President Donald Trump went to Lima, Ohio, on Wednesday and casting aside rare censure from Republican lawmakers, he dedicated almost five minutes of his speech aiming new blasts of attacks at the late John McCain. It was his feud with the late senator that seemed to be in his mind not his economic promises, although he managed to squeeze a few lines about his economics in the true nature of a tabloid character and giving misleading information on the manufacturing jobs.
President Trump has shifted target –not a wall apparently. His recent Twitter attacks have chiefly landed on George Conway, the husband of his advisor Kellyanne Conway and the late Senator John McCain.
Some republicans have thrown scanted messages against Trump’s unnecessary assaults on McCain with a lone GOP Senator denouncing Trump, Sen. Johnny Isakson (R-GA):
“I just want to lay it on the line, that the country deserves better,” Isakson said. “The McCain family deserves better, I don’t care if he’s president of United States, owns all the real estate in New York, or is building the greatest immigration system in the world.”
Sen. Mitt Romney waded in President Trump’s attacks to John McCain, who he called an “honorable” and “courageous” man, writing on Twitter:
“I can’t understand why the President would, once again, disparage a man as exemplary as my friend John McCain: heroic, courageous, patriotic, honorable, self-effacing, self-sacrificing, empathetic, and driven by duty to family, country, and God.”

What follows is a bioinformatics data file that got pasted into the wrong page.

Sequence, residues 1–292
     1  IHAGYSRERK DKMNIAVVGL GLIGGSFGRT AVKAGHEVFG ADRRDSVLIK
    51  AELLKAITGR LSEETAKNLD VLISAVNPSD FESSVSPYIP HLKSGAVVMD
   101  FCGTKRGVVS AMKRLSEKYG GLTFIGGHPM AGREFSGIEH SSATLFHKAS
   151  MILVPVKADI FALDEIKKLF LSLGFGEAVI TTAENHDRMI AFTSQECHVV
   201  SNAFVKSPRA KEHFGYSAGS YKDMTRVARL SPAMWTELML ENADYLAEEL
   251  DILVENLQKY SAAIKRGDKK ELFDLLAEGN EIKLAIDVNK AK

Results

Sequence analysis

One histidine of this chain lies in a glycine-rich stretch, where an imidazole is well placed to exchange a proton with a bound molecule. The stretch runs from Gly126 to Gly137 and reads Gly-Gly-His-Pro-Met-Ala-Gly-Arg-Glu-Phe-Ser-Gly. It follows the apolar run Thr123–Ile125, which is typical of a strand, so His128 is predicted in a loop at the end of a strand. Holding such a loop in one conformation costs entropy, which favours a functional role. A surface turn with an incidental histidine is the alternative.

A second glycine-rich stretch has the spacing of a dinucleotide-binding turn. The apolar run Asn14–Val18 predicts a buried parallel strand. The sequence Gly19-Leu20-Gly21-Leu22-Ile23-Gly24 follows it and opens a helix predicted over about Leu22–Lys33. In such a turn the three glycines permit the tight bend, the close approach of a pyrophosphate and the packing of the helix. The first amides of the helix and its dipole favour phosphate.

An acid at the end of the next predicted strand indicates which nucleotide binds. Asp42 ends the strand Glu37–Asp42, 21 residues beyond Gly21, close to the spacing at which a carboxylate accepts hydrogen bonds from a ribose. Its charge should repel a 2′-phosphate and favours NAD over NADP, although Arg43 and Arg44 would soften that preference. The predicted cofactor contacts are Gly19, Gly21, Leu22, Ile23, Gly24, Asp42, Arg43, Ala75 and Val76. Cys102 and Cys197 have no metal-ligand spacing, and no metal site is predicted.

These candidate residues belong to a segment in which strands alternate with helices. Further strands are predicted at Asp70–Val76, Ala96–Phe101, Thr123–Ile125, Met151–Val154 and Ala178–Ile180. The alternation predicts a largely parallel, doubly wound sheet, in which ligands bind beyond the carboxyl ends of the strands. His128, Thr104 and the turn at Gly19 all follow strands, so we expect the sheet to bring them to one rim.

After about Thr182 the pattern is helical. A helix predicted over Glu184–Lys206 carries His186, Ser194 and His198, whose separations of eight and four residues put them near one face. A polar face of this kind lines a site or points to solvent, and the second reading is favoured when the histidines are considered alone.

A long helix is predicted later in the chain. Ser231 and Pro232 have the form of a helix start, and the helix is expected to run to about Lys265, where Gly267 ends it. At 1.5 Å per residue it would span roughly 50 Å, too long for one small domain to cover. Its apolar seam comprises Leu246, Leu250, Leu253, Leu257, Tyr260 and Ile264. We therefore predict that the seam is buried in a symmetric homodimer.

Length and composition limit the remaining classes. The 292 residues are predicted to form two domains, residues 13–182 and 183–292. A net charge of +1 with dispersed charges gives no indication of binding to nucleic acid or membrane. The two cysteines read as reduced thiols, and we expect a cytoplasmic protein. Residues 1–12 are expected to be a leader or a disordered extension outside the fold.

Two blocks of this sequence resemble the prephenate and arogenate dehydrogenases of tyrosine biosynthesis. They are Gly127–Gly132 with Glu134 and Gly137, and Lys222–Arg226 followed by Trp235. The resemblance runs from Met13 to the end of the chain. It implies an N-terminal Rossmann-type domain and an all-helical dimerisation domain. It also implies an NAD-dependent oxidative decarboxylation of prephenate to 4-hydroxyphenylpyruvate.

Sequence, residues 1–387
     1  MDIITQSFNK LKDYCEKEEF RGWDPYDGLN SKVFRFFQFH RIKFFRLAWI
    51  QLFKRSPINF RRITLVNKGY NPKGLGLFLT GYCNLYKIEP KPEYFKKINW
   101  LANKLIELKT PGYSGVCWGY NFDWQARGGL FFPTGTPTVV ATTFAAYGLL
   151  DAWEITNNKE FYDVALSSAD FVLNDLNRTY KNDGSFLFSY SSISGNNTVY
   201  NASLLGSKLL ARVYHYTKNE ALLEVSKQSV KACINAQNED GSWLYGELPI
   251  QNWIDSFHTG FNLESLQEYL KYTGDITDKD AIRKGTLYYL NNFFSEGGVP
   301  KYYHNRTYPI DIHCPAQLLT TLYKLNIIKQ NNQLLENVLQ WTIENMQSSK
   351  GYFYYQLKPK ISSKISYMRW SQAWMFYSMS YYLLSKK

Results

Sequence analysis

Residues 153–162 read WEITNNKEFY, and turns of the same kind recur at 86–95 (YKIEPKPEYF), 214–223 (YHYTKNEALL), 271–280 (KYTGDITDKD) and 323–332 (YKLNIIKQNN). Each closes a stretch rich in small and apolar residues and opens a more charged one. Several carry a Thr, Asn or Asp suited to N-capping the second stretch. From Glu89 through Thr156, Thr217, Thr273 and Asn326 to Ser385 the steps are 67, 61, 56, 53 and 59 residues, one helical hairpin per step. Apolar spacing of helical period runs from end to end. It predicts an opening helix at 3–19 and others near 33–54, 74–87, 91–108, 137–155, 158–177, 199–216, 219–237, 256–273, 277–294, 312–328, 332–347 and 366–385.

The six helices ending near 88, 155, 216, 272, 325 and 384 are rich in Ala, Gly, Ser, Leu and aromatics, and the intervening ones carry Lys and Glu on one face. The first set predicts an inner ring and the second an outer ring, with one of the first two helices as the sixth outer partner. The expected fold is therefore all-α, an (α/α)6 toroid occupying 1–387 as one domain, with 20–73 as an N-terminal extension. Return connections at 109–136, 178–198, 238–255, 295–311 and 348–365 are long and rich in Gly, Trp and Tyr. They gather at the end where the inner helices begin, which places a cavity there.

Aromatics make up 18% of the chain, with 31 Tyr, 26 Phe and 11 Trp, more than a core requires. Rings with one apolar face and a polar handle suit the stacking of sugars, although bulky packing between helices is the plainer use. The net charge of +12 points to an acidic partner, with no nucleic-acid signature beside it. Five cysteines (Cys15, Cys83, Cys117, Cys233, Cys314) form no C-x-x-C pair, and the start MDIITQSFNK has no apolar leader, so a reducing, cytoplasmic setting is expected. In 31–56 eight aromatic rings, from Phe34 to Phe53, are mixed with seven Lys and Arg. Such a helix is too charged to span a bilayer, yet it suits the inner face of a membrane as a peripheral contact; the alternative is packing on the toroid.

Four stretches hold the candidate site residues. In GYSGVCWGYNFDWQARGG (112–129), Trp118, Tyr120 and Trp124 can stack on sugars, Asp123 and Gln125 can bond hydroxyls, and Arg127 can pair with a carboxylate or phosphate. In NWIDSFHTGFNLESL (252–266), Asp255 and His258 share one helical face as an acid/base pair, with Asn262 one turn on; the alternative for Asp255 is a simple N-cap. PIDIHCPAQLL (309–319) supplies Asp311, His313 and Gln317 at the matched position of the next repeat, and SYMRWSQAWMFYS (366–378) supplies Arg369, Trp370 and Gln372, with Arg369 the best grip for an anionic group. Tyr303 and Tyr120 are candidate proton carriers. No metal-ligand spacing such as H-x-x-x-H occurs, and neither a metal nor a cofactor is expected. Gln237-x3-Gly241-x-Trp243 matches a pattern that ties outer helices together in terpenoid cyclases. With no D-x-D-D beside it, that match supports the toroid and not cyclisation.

Of course, Sen. Mitt Romney, as many in the Republican Party, can’t seem to understand —now— because they —now— are also part of an enabling GOP that continues to choose to stand with a president who doesn’t reflect the values John McCain helped build in this country. As a Republican, John McCain also wanted to repeal Obamacare, but he only voted against his party because of the way it [the skinny repeal] was handled, just with the sole purpose to give the president a victory. If alive, most likely McCain would have voted along with the other 12 GOP Senators (of which Sen. Mitt Romney was not one) who supported an effort by Congress to block the emergency declaration Trump had used to circumvent lawmakers as he tried to shake loose funds for his long-promised wall along the U.S.-Mexico border.
But a simple statement can help Mitt Romney understand the tabloid character Trump is:
As president, Trump is disconnected from reality and says things he wants to say, in the moment he wants to say it, and at times what he says doesn’t particularly have meaning, but it is a continuation of a need to talk about himself.
And that has consequences because Donald Trump is currently the President of the United States and whatever he says —or tweets— the press must take him seriously, not as they’d take a tabloid character.
So must do all senators.
And as to the president, manufacturing jobs are not coming back in record numbers. Manufacturing jobs have increased lightly but not necessarily due to this administration’s policies and voters in Ohio might be feeling that because a poll from POLITICO/Morning Consult shows that Donald Trump’s net approval job in Ohio has fallen by 19 points since he took office in January 2017. Might that be due to the fact that manufacturing jobs are still leaving Ohio, like in the case of Lordstown where a General Motors plant is shutting down this month, leaving 1,600 without jobs.
The Federal Reserve Chairman has given a much less optimistic forecast than what the president and the White House keep saying. Data collected since September 2018 shows that growth is slowing more than expected and while conditions have been eased, they remain less supportive of growth than what they used to be during 2018.
But what would a tabloid character say?